Merrits of Erlang style for real-time systems

What are the merrits of Erlang style for real-time systems?

Hard real-time or soft real-time?
(Telephone systems, which are what Erlang was developed for, are soft real-time.)

BTW, Ericsson wasn’t the only company working on Prolog for telephone switching; BNR (Nortel) had its own Prolog research group. When I worked at BNR on telephone switches (DMS-100 et al), the general consensus was that writing reliable software with C and Unix derivatives (the AT&T way) was amusing, to say the least.

Anyway, off the top of my head, one big advantage of Erlang is the ability to replace modules without stopping the system. (We developed a way of doing that for the DMS-100, but it was a non-trivial problem; Erlang makes it much easier.)

Fair enough, this time it may well have been me who failed to adhere to the stick-to-the-topic discipline. On the other hand, error handling is often hopelessly intertwined with normal operation, and I guess it’s sometimes difficult to determine what should be thought of as an error. Leaving a process in a living (but idle) state on a remote node despite no longer having any use for it since, as in your example, a cut on the client side made it clear that no more backtracking over nodes will take place - is that an error? It’s a programmer’s error in the sense that the programmer could have avoided it (e.g. by wrapping the query in once/1), and it leads to a problem for sure, especially when the node on which the “stale” actor resides is owned by someone else. SWISH and library(pengines) deals with this problem by imposing a time limit on how long a stale pengine is allowed to hang around. When this limit is exceeded, the pengine is terminated.

Erlang is often described as a concurrent and distributed language with a functional core. When it comes to error handling, Erlangers seem to argue (in my mind correctly) that there’s a need for two fundamentally different ways of handling errors. In sequential Erlang code, catch and throw can and should be used, but for concurrent and distributed programming, tools such as error messages, monitors and links are more important. (In addition, Erlangers often seem to argue that too much “defensive programming” using catch and throw is a mistake, and that “let it crash” (and then restart) is often a better error recovery model.)

So how about error detection and error recovery in Web Prolog - thinking about it as a concurrent and distributed language with a relational/logic programming core? I believe we should allow ourselves to be inspired by Erlang here too. Now, when I think about setup_call_cleanup/3, I find easy to think about it as a construct, alongside catch and throw, for error detection and recovery in sequential Web Prolog, but not as a very useful construct for dealing with errors and recovery from errors outside sequential code. For this, error messages, monitors and links seem to be more useful.

I think you need to do a lot less of that in Erlang (or in Web Prolog) - most of that is supposed to happen automatically.

In the context of the definition of rpc/2-3 it serves to “convert” an error message into an exception, which is, as far as I can see, the only sane way to deal with it in this context. In other, more “asynchronous” contexts, e.g. when pengine_spawn/1-2 and friends are used as is, other ways to deal with this message are probably called for, and they are left for the programmer to decide.

Yes, that’s what it means.

Let’s look at the following statechart instead, which is the one to keep in mind when discussing Web Prolog.


It’s important to understand that the statechart captures only one (but important!) aspect of what’s going on, not everything. One thing that it doesn’t capture is the effect of the exit option we discussed before. If exit(true) is passed when pengine_spawn/1-2)is called, the pengine will always be automatically destroyed upon reception of the messages success(false), stop, failure, or error. That is, the pengine is set up to run just one query to completion, which may, of course, involve the reception of several next messages and the sending of several answer messages.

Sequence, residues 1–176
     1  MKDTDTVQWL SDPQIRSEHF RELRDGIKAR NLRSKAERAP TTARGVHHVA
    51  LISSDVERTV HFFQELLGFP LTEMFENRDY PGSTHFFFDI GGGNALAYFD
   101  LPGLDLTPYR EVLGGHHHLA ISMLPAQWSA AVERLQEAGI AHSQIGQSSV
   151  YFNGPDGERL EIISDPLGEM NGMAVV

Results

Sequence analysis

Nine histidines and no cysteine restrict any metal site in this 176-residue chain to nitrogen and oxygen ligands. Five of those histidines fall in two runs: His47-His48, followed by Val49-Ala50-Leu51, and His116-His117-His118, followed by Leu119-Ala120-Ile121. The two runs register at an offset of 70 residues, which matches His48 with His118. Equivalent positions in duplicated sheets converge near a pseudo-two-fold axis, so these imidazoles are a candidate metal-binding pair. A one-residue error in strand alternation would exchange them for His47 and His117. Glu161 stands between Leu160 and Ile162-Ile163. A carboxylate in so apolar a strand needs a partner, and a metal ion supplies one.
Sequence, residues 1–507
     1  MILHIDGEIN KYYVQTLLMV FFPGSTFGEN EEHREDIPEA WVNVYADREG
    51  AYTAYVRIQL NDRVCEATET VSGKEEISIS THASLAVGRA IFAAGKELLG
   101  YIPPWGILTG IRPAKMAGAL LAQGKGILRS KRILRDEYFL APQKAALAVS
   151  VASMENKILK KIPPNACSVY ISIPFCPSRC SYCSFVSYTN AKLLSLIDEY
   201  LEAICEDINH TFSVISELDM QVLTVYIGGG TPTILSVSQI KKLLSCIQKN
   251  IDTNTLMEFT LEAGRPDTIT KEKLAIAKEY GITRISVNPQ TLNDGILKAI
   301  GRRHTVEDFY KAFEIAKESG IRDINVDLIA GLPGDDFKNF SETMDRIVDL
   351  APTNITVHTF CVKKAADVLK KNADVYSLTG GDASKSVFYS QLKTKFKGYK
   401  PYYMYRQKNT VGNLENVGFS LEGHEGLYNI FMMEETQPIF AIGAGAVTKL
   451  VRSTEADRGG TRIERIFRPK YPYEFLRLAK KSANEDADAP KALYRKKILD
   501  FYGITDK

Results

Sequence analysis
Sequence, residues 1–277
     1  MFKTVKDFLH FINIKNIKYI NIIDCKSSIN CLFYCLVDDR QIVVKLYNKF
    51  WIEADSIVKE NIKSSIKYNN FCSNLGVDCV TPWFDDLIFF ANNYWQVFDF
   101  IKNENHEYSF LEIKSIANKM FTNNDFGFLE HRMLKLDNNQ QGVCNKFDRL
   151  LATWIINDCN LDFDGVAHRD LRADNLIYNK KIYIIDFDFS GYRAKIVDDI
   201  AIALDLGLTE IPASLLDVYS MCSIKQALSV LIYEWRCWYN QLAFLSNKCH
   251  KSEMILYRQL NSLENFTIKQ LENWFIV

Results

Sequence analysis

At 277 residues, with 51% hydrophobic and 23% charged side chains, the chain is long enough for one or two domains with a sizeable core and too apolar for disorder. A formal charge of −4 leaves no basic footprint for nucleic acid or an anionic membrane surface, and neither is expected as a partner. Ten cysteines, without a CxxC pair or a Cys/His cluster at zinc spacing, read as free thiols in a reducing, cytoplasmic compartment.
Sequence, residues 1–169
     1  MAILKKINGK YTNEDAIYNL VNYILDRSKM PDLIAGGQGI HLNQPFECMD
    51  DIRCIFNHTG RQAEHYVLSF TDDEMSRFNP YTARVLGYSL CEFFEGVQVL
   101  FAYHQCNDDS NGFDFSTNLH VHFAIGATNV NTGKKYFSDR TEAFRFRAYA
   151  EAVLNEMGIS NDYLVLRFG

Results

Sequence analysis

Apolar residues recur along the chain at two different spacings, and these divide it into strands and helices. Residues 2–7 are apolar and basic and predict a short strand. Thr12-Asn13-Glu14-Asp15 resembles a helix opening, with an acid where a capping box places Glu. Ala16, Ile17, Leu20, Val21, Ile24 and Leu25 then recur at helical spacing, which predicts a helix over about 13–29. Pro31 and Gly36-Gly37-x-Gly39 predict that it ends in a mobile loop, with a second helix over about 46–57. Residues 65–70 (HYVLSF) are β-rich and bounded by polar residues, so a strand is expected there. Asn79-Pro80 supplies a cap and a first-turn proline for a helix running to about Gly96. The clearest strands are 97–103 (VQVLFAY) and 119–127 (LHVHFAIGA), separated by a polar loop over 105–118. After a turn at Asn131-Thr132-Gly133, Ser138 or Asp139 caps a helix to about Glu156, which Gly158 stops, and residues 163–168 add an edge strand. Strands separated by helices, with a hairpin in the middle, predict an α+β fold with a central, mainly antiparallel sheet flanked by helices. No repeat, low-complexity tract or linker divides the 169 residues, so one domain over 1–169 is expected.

While that makes sense to me, when I think of Erlang I think about its history and why it was specifically created for telephone exchanges. When software is used in a real-time embedded system, halting a physical device because of an error would be a bad thing. A common way to handle such errors in a embedded system is to use a Watchdog timer.

So while what you say is true, I find that many programmers either have no to little experience with embedded systems, or that embedded system is all they do. So the concept of let it fail to someone not use to embedded system programming would sound shocking, but many don’t know that when it is allowed to fail, the watchdog timer will kick in and reboot the system. Also such systems know this and are designed to reboot very quickly. In some systems, even taking a second is to long to reboot.

As I like to often note, when you fly in a plane (Boeing or Airbus) who or what is really flying the plane. Most would say the pilot, but it is really the software running on the computers, the pilot just gives input to the computer. If the software were to crash, think of the problems.

Don’t take this to mean that all errors in a embedded system use the fail and reboot, that is also far from reality. The key difference is that in embedded systems, you just reboot as a last course of action instead of just halting.

The same technology has been moving into the automotive world for the last few decades.

Ok, or perhaps it’s about both error handling and (a particular kind of) “garbage collection”, and how these two things interact?

In any case, I agree that ensuring the termination of pengines and other kind of actors (and don’t forget the other kinds of actors!) at the proper point in time is an important topic. Part of the reason it is both important and surprisingly tricky, is that the program and the node on which we want to run the program may have different owners. In this case, who’s responsible for cleaning up the garbage in the form of stale pengines - the person who has written and is running the program, or the owner of the node? So far, as I see it, we’ve touched upon a couple of ideas: